if so, im off to pick and pull to get one!


Regular circumstances won't generate that much heat, but a lot of people are quicke to point out that the heavier, metal cover is a better line of defense from an engine fire. I have read of the plastic ones just melting away and flames pouring into the van interior rather quickly.

Not sure which is best, but I do feel a bit safer with the heavier cover, although, if you don't know there is a fire.........

Anyway, just one perspective on swapping the engine covers.

Mark
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Sloth
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PostPosted: Sat Apr 07, 2007 7:01 pm    Post subject: What is the insulation? Reply with quote

Is the original insulation asbestos? How did you get rid of it? Are you still satisfied with the results?
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mightyart
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PostPosted: Sat Apr 07, 2007 7:58 pm    Post subject: Reply with quote

No asbestos in Vanagons, but bay windows had a little bit of it.
The original stuff was like pressed cotton or something, nothing to worry about disposing of.
I'm real happy with the results now, when I first did it, the glue didn't hold as well as I had hoped, so I cut some small 1/2" wood braces and put them in to support the insulation a little better, now it works well at keeping the sound and heat out of the van.
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danfromsyr
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PostPosted: Sat Apr 07, 2007 8:11 pm    Post subject: Reply with quote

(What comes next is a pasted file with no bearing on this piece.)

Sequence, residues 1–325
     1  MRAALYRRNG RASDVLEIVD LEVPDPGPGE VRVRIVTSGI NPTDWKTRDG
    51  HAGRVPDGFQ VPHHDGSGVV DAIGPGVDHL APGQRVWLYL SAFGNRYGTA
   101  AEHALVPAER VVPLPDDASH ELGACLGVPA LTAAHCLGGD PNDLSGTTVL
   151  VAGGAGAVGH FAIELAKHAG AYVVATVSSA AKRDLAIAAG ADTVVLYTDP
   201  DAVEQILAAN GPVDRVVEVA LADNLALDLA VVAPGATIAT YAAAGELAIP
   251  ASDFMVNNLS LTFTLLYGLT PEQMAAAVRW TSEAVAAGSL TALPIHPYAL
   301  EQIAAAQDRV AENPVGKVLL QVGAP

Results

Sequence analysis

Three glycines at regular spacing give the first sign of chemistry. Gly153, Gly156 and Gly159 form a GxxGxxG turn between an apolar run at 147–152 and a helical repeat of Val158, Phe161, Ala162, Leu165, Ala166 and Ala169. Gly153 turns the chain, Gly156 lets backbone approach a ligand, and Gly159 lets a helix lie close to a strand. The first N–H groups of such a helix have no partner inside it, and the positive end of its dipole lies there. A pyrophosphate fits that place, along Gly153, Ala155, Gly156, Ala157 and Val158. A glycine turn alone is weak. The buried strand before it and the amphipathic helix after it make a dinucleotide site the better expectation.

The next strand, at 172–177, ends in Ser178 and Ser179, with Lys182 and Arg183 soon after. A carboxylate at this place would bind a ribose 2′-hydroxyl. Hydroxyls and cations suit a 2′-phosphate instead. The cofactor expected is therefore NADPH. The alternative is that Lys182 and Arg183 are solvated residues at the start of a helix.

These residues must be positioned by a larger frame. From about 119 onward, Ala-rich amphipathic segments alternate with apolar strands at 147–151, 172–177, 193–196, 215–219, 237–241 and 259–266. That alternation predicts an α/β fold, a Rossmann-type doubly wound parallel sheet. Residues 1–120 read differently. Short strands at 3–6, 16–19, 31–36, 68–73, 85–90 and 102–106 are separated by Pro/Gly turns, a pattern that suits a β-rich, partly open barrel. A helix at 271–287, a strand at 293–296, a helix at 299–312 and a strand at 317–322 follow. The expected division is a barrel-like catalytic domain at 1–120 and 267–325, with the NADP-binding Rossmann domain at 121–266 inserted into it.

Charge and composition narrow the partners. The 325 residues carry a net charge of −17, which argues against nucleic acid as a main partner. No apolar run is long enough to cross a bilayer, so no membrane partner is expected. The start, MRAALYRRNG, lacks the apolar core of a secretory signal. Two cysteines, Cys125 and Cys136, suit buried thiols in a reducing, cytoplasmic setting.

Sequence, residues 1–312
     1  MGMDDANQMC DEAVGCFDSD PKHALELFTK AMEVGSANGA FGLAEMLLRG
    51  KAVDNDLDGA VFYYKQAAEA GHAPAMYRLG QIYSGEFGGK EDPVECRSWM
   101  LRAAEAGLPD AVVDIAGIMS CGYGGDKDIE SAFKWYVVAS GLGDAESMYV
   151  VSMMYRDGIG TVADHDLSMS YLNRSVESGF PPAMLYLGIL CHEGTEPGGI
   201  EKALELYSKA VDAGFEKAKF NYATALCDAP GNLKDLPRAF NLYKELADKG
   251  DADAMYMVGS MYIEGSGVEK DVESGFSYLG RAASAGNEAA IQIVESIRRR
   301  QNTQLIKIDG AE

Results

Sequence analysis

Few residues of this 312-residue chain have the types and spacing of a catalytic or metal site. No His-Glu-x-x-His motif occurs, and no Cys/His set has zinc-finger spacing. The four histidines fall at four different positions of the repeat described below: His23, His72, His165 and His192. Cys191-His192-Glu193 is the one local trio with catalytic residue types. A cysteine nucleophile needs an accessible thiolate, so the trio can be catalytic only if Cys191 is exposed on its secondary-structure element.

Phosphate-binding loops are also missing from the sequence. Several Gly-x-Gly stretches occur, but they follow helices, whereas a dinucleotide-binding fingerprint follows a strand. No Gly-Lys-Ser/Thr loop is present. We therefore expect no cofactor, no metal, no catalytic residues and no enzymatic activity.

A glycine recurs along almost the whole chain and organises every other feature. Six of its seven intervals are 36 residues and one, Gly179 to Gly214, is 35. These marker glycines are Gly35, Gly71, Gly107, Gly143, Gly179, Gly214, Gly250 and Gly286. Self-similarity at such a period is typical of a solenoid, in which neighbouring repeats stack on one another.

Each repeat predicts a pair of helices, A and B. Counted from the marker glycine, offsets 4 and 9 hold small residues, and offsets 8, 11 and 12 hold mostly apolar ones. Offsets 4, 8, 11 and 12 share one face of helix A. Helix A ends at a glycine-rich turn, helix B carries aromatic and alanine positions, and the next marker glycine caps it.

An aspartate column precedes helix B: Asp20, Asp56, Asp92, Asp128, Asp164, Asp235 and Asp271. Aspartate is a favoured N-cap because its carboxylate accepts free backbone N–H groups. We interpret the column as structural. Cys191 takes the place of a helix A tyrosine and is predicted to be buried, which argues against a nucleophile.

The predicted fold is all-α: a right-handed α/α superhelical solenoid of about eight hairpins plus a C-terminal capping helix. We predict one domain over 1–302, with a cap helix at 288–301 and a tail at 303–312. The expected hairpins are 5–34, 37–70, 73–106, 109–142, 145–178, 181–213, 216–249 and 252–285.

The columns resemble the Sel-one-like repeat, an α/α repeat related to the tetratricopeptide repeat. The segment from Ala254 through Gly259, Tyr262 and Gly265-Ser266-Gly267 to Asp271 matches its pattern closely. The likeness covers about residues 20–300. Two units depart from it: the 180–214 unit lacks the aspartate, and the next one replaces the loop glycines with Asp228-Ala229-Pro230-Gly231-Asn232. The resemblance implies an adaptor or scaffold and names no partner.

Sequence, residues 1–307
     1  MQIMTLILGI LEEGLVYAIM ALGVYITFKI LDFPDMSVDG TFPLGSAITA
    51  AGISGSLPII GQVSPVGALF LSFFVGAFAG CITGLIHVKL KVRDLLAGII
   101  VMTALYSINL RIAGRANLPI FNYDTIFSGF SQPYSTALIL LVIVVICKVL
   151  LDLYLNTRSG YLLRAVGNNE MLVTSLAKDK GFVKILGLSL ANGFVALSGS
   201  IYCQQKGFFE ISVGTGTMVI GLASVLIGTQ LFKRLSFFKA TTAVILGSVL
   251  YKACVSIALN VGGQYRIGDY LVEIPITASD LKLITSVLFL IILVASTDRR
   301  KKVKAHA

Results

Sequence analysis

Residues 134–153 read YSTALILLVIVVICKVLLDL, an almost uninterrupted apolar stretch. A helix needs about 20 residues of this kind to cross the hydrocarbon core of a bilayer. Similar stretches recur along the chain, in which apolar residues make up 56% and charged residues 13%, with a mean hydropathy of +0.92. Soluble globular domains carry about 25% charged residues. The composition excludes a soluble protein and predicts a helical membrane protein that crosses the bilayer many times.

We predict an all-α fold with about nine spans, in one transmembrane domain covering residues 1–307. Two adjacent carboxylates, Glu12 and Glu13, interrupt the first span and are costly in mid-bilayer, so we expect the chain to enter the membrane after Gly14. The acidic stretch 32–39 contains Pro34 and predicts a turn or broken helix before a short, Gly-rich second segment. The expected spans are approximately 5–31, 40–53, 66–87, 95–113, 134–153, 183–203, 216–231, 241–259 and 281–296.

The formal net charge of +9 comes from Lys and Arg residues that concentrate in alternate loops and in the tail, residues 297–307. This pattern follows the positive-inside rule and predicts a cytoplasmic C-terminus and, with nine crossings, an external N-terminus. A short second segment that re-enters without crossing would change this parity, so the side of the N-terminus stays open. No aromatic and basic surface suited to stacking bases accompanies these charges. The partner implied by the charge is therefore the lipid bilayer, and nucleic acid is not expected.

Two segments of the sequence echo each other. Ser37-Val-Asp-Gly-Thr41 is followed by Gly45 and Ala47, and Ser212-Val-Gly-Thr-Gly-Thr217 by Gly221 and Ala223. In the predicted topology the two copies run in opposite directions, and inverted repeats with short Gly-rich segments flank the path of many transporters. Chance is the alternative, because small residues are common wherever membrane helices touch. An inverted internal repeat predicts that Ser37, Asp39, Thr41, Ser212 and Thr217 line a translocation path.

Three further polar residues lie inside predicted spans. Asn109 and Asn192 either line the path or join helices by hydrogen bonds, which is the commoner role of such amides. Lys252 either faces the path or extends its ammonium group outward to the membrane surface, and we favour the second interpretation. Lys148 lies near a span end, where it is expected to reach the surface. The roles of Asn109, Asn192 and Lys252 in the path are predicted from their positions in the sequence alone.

LDD I've a near mint baby blue cover here just waiting for ya... just have to figure how to meet again at a show... or I'd guess I could ship it .. but not sure either of us need that hassel... just swap bits during some campout...



lovedavdubs wrote:
I was saying....

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shagginwagon83
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PostPosted: Tue Nov 28, 2017 6:39 am    Post subject: Re: Re-insulating engine compartment Lid Reply with quote

What do you guys think of this for insulating a steel engine lid?
https://www.amazon.com/FatMat-Hood-Liner-Self-Adhe...hood+liner

This is suppose to block heat...where I think the original stuff is suppose to absorb heat. Any thoughts?
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Steve M.
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PostPosted: Tue Nov 28, 2017 10:57 am    Post subject: Re: Re-insulating engine compartment Lid Reply with quote

shagginwagon83 wrote:
What do you guys think of this for insulating a steel engine lid?
https://www.amazon.com/FatMat-Hood-Liner-Self-Adhe...hood+liner

This is suppose to block heat...where I think the original stuff is suppose to absorb heat. Any thoughts?


I would not waste my money on that.
You can get the same looking insulation but with a layer of heavy vinyl sandwiched into it: (lead vinyl it is called).
https://www.jamestowndistributors.com/mobileportal/show_product.do?pid=9345

Works much beťter and some version use a mylar material opposed to aluminum foil for better heat transfer.

What ever you do keep the metal engine cover even though some folks say the fiberglass helps deaden the noise.
My reasoning is that if there was a fire the metal would help slow down the fire from spreading where the fiberglass would burn through into the interior.y 2 cents.